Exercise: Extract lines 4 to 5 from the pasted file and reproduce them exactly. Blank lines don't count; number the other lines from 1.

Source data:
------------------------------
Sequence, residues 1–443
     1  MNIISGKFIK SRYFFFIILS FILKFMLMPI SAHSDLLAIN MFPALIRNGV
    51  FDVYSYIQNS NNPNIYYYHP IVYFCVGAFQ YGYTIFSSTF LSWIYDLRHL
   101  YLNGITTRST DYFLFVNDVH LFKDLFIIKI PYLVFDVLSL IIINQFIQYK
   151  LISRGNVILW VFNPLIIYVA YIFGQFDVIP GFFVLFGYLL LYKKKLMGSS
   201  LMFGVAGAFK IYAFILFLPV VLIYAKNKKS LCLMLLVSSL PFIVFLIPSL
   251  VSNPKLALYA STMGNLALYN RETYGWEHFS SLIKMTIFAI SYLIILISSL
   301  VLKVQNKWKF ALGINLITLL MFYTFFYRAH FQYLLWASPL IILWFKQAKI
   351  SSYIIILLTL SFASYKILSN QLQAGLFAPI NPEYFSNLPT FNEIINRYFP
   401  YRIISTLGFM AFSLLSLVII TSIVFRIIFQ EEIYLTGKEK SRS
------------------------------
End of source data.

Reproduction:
   101  YLNGITTRST DYFLFVNDVH LFKDLFIIKI PYLVFDVLSL IIINQFIQYK
   151  LISRGNVILW VFNPLIIYVA YIFGQFDVIP GFFVLFGYLL LYKKKLMGSS